Entrance to Auschwitz

Today on our first full day in Krakow we had an early start to the day with a van ride to Auschwitz. In my opinion, this has been by far the most emotional and eye opening visit of the entire trip. To me it was just surreal to be standing in the ground where so many people were stripped away of their humanity and murdered only less than 75 years ago. I think mankind has come a long way but if more people had the chance to see places like Auschwitz, there is no doubt in my mind that the world would change for better. Auschwitz is one of those places that is now so peaceful and so historic that sometimes it is hard to see beyond what is right in front of you and actually re-live some of the moments as some of the people that we encountered during our tour proved with their indifferent attitudes.

Auschwitz was not just one concentration camp, it was a network of Nazi concentration and extermination camps which consisted of three main camps plus some 45 satellite camps. There were 1.3 million people that were deported to the camp, 1.1 million of whom were murdered there. Although Jewish people accounted for the majority of those who were deported, the camp did not only include Jewish people. There were many non-Jewish Poles, Gypsies, soviet prisoners of war, and a large number of prisoners from other ethnic groups that included people who opposed the Nazi regime.


Perimeter fence around Auschwitz I

We started our tour on the site of Auschwitz I, where at front gate the first sign we saw said “Work brings freedom.” This was very sad to me because the people that were deported to the camp thought, at least initially, that they would be starting a new life and this was reflected by the kinds of things that they took with them which we could see in some of the exhibitions such as pots and pans, shoe polish, etc. The conditions inside of the living quarters were deplorable to say the least and something that most people accustomed to a modern style of living would not be able to withstand for nearly as long as most people did during WWII. I was particularly shocked by the standing cells in the basement of Block 11. These were 1 square yard with a 2 inch opening for air and a 2 square feet hatch for prisoners to enter the cell. There were up to four people at one time inside the cell where they could not sit or see the light of day and then they were repeatedly forced to work day after day until most of them died. We went through some of the gas and cremation chambers where approximately 90% of the people that were deported to the camp were murdered. These chambers were the result of the optimization of execution by Nazi officials since the price of ammunition was too high at the time. There we saw the places where people were told they would take a disinfecting bath and then sent to the concentration camp with everyone else but never made it out. Another thing that shocked me is that many people that were deported to the death camps were isolated from the rest of the camps and called the Sonderkommando. These special units were forced to work cremating the bodies of sometimes their own neighbors and family members after they had been gassed to death and then they were eventually put inside the chambers themselves.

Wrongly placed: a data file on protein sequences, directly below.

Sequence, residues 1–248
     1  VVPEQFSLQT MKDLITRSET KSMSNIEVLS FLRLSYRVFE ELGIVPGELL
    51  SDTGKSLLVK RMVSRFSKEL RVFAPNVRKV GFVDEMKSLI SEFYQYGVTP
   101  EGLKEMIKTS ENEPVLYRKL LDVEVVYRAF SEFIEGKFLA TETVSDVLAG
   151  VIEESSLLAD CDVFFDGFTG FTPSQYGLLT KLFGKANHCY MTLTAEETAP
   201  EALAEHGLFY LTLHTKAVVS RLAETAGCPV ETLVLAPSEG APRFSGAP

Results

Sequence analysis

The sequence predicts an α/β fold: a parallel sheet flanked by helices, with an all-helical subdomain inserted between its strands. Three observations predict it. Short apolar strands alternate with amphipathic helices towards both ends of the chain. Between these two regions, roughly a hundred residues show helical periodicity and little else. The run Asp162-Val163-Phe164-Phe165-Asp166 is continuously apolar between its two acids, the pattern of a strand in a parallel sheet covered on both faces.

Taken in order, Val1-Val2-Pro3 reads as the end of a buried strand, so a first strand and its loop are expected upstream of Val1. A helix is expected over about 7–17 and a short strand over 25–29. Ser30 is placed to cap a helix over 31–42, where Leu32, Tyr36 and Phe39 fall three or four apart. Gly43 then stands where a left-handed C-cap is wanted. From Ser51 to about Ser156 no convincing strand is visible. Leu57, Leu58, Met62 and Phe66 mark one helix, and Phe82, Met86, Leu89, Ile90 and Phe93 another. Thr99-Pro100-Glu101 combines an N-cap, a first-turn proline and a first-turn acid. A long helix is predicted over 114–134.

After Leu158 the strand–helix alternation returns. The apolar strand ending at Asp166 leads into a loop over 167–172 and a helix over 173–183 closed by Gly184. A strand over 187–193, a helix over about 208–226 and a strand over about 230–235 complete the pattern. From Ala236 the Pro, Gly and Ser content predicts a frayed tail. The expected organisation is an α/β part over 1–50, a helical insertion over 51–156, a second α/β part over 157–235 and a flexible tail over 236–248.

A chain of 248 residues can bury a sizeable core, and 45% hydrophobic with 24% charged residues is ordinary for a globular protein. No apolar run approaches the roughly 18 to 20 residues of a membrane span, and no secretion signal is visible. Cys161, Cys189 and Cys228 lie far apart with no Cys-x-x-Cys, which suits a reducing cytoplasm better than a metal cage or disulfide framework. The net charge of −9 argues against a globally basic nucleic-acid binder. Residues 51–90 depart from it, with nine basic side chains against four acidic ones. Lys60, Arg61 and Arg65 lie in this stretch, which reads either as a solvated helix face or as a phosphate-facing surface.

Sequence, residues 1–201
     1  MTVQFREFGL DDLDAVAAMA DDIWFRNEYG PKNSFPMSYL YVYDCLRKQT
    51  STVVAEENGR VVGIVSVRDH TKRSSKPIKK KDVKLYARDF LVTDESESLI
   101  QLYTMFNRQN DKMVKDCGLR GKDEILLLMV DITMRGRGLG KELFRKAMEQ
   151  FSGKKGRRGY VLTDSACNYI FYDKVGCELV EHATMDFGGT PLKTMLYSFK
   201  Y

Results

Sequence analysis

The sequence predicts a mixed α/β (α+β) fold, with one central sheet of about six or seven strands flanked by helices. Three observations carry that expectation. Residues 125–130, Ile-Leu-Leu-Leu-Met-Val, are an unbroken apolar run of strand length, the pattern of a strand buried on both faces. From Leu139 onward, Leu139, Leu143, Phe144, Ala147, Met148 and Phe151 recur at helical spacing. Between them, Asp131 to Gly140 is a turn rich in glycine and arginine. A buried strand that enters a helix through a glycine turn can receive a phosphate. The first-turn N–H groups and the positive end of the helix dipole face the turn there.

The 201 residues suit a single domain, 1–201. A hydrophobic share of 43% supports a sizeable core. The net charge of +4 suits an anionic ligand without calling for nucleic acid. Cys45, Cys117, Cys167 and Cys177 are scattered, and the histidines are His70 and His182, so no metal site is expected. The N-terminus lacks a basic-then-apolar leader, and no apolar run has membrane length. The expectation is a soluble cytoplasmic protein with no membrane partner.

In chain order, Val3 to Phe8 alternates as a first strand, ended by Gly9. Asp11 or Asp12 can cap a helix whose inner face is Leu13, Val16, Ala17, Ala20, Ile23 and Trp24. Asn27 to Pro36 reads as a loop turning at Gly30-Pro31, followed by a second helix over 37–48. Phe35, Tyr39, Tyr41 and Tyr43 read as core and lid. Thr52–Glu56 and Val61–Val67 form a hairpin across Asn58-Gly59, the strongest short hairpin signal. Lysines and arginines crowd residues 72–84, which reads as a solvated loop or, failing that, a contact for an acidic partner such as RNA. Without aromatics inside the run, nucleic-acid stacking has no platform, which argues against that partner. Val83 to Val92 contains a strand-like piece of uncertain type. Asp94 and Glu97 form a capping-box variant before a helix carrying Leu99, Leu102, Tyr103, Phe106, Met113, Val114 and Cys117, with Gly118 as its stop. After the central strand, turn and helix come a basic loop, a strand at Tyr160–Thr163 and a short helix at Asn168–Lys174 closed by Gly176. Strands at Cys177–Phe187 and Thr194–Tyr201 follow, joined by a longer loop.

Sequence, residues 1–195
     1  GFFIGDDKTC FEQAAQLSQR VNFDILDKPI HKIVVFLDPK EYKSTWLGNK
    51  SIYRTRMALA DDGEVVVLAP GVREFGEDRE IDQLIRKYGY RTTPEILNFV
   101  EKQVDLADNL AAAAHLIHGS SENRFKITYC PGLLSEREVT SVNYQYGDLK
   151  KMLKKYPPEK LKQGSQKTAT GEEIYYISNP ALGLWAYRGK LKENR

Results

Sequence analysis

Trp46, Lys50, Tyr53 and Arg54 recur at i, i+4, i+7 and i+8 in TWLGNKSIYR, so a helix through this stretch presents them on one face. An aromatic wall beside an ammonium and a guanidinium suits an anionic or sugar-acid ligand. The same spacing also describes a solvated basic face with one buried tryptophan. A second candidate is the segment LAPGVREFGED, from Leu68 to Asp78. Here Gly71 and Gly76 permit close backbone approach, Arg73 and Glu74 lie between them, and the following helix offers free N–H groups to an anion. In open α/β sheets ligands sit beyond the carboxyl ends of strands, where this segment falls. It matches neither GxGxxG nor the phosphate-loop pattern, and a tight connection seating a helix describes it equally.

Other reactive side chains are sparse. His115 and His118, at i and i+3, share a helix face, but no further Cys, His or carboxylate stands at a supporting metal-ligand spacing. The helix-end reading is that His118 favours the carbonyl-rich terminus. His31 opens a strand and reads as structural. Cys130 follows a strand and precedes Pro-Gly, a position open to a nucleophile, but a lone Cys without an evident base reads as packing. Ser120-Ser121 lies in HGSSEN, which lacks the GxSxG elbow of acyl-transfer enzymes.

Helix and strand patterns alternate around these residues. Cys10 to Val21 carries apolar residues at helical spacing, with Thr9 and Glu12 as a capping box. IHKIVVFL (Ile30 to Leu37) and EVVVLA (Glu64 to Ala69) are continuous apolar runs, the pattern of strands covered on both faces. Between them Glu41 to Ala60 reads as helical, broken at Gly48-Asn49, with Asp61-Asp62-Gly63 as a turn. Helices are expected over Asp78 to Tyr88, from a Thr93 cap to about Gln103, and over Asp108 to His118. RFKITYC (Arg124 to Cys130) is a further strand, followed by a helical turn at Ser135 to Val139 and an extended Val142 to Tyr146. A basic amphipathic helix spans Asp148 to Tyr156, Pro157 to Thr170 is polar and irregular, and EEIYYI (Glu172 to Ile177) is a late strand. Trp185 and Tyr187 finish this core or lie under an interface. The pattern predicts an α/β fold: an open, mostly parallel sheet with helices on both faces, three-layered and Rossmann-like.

Belongings from the deportees